Picture books

3rd November 2000 at 00:00
THE ANIMAL TRAIN. By Christopher Wormell. Jonathan Cape. pound;9.99

SANTA CALLS. By William Joyce. Pavilion Children's Books. pound;9.99

OLIVIA. By Ian Falconer. Simon amp; Schuster. pound;9.99. ROBERTO THE INSECT ARCHITECT. By Nina Laden. Chronicle BooksRagged Bears. pound;10.99

BLING BLANG. By Woody Guthrie. Illustrated by Vladimir Radunsky. Walker Books. pound;9.99

The Animal Train has everything you could want in a picture book: tons of animals, toy trains, vast quantities of food, a gloriously messy disaster, an infuriated and impotent adult, a massive impromptu picnic, and a satisfying resolution.

If you've seen Christopher Wormell's Blue Rabbit books, you might be surprised at his clever use of an outdated pastel pencil technique; this has a curious contrapuntal effect set against the outrageous twists in the tale. The pacing of the story is perfect, punctuated by repeated rhythms and phrases. The oversized animal characterisations are great fun and well observed. An ambitious array of complex elements collide with the balletic thrill of a destruction derby.

Wormell has obviously worked hard to polish this dynamo to near perfection, only slightly let down by the book's indifferent design. The Animal Train is worth 10 ordinary picture books, and is deep enough to withstand dozens of re-readings.

William Joyce makes similar subversive use of a painstakingly retro illustration style in his oversized Christmas bonanza, Santa Calls. Three children are summoned by Santa to undertake a mission that has the desired effect of bonding brother and sister. The capture-and-rescue plot is entertaining, if slightly flawed, but the charm of the characters makes up for occasional flab in the storytelling.

Like the makers of many big-budget fantasy films, Joyce has lavished most of his attention on setting and atmosphere: picture Slumberland in the Little Nemo stories, Metro Goldwyn Mayer's Oz, Fritz Lang's Metropolis and the magic kingdom in Chitty Chitty Bang Bang rolled into a gigantic Toyland where every machine and building has a face. Santa Calls was a huge hit in the United tates in 1995, inspiring everything from New York department store window displays to a new centre for children's literature in the real-life Abilene, Texas (where the story begins). Those UK readers who have yet to discover Joyce have some great fun to look forward to.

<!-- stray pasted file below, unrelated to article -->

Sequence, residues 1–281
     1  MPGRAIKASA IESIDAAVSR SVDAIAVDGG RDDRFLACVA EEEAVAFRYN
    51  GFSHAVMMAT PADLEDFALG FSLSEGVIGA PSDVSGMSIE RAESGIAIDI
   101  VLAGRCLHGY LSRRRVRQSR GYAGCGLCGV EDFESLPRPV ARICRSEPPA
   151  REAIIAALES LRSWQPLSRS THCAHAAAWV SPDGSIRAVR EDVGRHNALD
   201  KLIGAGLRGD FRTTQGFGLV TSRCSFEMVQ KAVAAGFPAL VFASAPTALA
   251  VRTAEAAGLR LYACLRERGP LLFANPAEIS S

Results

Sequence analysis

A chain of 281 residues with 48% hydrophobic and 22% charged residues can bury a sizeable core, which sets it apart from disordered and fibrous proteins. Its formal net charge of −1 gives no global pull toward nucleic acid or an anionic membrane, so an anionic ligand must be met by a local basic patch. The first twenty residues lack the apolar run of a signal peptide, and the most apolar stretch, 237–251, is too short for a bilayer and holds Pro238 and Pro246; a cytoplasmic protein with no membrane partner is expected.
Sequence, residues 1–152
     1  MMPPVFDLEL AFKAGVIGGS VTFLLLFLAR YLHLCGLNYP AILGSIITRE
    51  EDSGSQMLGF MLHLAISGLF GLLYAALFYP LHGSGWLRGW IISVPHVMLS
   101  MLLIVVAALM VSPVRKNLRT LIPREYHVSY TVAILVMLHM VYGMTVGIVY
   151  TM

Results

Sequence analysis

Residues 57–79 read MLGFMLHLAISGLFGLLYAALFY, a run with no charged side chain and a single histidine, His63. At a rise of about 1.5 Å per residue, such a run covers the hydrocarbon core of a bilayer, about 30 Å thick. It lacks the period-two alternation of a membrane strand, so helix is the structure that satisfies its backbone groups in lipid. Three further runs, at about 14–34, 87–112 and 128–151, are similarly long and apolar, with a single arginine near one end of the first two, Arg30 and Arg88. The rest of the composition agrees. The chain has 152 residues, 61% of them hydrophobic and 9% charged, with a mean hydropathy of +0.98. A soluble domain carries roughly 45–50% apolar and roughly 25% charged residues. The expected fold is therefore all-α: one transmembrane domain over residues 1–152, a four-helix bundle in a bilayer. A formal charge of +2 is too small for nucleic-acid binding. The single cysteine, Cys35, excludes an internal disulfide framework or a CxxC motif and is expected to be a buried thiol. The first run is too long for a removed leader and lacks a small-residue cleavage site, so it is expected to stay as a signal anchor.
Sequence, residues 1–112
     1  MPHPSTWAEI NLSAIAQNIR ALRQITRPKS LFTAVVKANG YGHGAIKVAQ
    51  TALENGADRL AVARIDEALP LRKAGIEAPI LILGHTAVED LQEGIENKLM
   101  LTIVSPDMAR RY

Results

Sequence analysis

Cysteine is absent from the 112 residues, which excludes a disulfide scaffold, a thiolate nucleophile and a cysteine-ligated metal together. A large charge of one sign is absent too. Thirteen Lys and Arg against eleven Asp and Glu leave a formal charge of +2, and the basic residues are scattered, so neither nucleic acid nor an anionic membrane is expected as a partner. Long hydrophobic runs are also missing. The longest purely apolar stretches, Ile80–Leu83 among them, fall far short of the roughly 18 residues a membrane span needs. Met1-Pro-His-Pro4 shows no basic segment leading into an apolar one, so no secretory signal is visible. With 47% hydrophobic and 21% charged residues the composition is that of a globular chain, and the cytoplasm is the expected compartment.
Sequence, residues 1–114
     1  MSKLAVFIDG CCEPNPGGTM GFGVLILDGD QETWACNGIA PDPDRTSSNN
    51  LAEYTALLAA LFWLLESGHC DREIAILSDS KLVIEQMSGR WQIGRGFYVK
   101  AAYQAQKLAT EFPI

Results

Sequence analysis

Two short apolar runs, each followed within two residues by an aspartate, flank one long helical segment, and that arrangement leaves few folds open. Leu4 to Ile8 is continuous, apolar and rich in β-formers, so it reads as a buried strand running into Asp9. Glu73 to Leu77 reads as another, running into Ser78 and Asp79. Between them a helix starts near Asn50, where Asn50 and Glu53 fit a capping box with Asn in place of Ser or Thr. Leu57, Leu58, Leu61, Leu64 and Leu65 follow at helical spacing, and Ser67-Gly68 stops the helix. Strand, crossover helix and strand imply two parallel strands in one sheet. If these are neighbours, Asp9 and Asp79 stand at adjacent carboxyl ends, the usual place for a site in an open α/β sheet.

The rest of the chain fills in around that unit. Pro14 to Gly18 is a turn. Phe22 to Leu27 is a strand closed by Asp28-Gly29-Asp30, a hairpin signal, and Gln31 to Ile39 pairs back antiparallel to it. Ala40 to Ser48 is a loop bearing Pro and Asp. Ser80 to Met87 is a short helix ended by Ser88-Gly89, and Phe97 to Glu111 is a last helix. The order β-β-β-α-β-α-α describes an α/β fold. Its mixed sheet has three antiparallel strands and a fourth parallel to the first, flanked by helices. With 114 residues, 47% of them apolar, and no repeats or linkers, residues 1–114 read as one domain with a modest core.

Fans of Hilary Knight's Eloise books will recognise their influence on Ian Falconer's Olivia, a whimsical character sketch of a porcine performing arts wannabe. Olivia's childish ebullience is endearing and exhausting. The book's urbane wit has no trace of ingenuousness and graciously leaves room for plenty of heart. Falconer, a cartoonist for The New Yorker and a ballet set designer, employs a variety of styles to distinguish reality from fantasy. Design is daringly minimalist: you may be surprised to see just how effective and engaging a picture book in only two colours - black and red - can be.

Nina Laden makes magnificent use of collage - a tricky medium which presents itself as unimpeachably cool but often masks an inexpert hand - in a book that is the new standard-bearer for use of this technique. Roberto the Insect Architect, a tale of urban planning with a social conscience in which Roberto (illustrated, top) confronts building industry prejudice against termites, is full of corny insect puns and nods to adults au fait with architectural history. By painting on top of certain areas of the collage elements, Laden gives some objects a sense of dimension that integrates them perfectly with her acrylic painted characters. At other times she exploits the "punky" quality that collage does so well.

Vladimir Radunsky's cut-papercollage illustrations are a perfect fit for the easy-going folk mood of Woody Guthrie's allegorical house-building song, Bling Blang. Like its companion prequel, Howdi do!, it comes with sheet music printed on the inside of the dust jacket. Guthrie's lyrics are fun to read aloud and the book's design reaches Walker's usual impeccable standard. Bling Blang could easily spark off several primary classroom activities in the little time left for art and music.


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